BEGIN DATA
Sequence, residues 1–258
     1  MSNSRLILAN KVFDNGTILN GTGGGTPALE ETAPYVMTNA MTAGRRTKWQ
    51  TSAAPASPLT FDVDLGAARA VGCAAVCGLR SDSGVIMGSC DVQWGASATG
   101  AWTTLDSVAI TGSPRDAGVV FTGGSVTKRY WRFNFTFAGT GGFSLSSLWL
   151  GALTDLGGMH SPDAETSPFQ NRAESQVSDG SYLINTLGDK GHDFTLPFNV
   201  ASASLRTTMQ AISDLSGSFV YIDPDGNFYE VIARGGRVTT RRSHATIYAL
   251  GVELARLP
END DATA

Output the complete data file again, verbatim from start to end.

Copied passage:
Sequence, residues 1–258
     1  MSNSRLILAN KVFDNGTILN GTGGGTPALE ETAPYVMTNA MTAGRRTKWQ
    51  TSAAPASPLT FDVDLGAARA VGCAAVCGLR SDSGVIMGSC DVQWGASATG
   101  AWTTLDSVAI TGSPRDAGVV FTGGSVTKRY WRFNFTFAGT GGFSLSSLWL
   151  GALTDLGGMH SPDAETSPFQ NRAESQVSDG SYLINTLGDK GHDFTLPFNV
   201  ASASLRTTMQ AISDLSGSFV YIDPDGNFYE VIARGGRVTT RRSHATIYAL
   251  GVELARLP